March 17, 2014
Dear brothers and sisters,
I am taking the good news today from John 10:19-21.
Again there was a division among the Jews because of these words. Many of them said, “He is possessed and out of his mind; why listen to him?” Others said, “These are not the words of one possessed; surely a demon cannot open the eyes of the blind, can he?”
Jesus had just told them that he had the power to lay down his own life and take it up again. I like the way Barclay approaches this verse. “The people who listened to Jesus on this occasion were confronted with a dilemma which is for ever confronting men. Either Jesus was a megalomaniac madman, or he was the Son of God. There is no escape from that choice. If a man speaks about God and about himself in the way in which Jesus spoke, either he is completely deluded, or else he is profoundly right. The claims which Jesus made signify either insanity or divinity. How can we assure ourselves that they were indeed justified and not the world’s greatest delusion?”
There is something in me that is guarded, cautious about being duped, about being taken. I don’t want to be made a fool. So, it’s easier to dismiss someone or some claim than to remain open-minded and continue to gather information until I can arrive at my own thoughtful conclusion. Sometimes I’m like those Jews who derided Jesus without ever really considering that he might indeed be God’s anointed one and sometimes I’m like the others who carefully weigh the evidence in an effort to arrive at the truth.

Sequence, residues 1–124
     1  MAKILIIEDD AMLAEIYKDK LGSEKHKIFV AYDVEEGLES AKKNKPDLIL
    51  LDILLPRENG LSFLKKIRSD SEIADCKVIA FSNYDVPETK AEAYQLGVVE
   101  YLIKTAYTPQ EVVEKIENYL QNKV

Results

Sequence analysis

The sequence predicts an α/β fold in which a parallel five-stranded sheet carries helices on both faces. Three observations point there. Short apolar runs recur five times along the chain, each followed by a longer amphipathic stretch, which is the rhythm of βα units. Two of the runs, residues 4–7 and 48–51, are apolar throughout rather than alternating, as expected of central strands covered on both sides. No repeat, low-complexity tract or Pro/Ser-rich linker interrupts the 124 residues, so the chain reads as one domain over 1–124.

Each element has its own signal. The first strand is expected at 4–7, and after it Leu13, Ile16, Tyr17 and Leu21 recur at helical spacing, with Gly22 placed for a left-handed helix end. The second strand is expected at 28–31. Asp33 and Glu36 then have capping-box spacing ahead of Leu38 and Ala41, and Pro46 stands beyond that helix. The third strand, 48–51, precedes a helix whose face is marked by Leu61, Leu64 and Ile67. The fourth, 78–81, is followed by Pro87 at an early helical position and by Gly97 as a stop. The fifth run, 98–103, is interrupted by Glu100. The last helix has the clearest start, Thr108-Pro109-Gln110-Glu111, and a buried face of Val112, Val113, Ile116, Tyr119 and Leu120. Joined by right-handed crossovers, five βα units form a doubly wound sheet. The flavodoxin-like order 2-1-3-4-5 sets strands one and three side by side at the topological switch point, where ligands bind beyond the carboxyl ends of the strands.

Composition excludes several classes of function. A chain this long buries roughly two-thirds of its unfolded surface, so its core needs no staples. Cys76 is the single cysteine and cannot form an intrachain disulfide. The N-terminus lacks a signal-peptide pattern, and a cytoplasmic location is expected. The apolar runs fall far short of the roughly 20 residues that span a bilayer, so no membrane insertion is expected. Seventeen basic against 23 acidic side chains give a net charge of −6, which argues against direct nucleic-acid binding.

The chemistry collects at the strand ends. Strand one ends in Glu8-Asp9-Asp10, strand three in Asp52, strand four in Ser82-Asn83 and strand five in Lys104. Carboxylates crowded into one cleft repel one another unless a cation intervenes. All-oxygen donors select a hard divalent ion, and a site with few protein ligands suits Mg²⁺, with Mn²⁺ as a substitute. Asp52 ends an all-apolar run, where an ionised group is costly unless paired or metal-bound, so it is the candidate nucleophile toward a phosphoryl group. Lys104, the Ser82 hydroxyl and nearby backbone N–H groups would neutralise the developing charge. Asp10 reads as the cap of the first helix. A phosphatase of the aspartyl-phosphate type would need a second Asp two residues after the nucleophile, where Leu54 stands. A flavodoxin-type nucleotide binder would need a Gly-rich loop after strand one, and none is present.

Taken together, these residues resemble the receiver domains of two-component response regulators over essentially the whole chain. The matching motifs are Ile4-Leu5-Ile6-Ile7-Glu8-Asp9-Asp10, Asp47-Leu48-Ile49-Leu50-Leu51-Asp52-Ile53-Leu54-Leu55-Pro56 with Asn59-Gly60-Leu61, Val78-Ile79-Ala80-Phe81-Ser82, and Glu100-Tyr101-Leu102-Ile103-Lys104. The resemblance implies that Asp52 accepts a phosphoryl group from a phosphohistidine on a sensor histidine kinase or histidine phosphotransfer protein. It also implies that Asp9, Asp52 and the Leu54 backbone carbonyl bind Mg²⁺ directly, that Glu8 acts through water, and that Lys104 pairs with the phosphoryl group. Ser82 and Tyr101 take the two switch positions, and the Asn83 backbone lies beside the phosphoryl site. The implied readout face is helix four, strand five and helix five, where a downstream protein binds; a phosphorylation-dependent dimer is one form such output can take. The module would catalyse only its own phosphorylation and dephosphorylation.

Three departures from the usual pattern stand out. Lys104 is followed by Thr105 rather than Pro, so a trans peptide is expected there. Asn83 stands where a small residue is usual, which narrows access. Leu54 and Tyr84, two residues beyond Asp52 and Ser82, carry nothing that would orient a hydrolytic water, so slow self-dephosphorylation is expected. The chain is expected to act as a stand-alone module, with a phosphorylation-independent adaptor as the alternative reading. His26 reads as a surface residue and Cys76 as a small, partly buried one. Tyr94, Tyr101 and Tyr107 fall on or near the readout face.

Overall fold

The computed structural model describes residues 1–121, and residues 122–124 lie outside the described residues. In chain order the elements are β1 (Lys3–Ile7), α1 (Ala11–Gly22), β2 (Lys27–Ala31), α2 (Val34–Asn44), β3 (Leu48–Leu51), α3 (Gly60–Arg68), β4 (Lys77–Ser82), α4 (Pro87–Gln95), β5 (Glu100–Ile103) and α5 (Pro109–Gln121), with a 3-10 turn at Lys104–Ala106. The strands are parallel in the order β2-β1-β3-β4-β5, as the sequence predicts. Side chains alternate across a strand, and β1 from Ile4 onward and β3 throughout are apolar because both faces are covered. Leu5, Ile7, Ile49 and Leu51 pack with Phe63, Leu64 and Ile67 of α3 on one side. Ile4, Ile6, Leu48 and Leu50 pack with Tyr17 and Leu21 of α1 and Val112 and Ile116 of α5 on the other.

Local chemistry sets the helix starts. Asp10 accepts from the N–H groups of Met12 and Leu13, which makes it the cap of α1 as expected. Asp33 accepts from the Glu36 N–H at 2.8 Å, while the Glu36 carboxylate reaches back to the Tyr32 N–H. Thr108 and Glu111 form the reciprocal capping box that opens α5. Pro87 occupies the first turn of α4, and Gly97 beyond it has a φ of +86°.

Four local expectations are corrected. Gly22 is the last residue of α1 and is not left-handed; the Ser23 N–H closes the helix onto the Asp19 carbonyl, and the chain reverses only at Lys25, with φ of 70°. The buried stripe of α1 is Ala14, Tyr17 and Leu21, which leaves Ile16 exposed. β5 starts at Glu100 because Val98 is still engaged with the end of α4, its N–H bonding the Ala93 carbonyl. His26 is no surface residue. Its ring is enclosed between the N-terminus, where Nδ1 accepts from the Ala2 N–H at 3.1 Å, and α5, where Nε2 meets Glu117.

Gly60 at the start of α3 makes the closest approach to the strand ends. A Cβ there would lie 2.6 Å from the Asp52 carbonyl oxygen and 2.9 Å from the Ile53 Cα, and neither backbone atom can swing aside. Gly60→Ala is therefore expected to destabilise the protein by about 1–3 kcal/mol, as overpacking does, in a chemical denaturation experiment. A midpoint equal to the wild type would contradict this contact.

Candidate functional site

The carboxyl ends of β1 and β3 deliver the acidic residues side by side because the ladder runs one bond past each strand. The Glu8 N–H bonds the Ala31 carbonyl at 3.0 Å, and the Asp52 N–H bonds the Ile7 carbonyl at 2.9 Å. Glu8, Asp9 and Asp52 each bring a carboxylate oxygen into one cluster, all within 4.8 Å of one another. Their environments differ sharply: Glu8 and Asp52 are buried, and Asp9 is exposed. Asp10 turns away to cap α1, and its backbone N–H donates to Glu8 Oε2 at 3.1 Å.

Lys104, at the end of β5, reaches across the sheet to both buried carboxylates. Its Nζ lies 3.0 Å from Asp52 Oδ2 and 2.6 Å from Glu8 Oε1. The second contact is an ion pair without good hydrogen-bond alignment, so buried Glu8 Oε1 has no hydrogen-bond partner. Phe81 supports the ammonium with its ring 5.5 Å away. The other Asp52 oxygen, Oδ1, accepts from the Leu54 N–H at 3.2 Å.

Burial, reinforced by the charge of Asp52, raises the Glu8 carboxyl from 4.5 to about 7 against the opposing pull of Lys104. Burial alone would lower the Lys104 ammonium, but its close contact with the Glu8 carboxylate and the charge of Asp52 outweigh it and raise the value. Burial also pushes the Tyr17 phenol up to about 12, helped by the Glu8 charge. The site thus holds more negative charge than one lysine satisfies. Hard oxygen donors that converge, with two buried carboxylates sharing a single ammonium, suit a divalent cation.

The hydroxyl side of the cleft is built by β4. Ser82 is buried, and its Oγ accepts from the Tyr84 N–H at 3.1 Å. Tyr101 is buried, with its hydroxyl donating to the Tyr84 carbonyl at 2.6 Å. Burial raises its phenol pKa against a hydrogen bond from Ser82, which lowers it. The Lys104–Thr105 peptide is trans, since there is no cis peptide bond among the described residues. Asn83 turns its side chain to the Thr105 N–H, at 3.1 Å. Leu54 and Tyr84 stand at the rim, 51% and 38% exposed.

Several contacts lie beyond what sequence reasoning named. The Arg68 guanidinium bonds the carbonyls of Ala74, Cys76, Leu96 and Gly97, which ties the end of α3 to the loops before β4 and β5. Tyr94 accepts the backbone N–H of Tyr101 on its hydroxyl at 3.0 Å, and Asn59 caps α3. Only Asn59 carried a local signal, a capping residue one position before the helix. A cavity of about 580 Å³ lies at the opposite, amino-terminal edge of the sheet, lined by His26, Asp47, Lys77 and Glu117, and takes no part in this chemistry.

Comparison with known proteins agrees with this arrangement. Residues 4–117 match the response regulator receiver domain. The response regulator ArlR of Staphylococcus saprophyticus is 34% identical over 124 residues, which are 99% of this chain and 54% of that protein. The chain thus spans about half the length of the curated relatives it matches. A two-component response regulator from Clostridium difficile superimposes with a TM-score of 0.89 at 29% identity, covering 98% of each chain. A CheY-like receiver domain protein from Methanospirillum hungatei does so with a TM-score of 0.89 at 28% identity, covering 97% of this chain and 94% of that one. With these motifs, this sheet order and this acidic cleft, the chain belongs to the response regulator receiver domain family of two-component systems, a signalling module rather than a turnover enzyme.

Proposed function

All my adult life I seem to alternate between these two attitudes toward Christianity — skepticism and acceptance. It must look like a zig zag to others, maybe even insincere or dishonest or just not being able to make up my mind. It’s part of my internal processing, continually exploring and testing, getting to a point of certainly about this thing or that. For me, acknowledgment and acceptance of Jesus has not been a simple choice, a black and white proposition, an either/or decision. I live in the gray zone; some would accuse me of moral relativism. I can’t deny it.
For me, though, when I recite a prayer or the creed at Mass or when I pray or when I write or speak about my faith, it’s important that I’m honest with God. I don’t want to give lip service to Him. He asks more of me than that and, besides, He knows my heart and my mind. Honesty is for my benefit, not His. O that I could live my life in the same way, with the same adherence to honesty instead of just saying what I think others may want to hear or of avoiding conflict or not being liked and accepted. All I needed to know for living my life, not just my faith and my relationship to Jesus, is in the gospels. I wish I had known that a long time ago!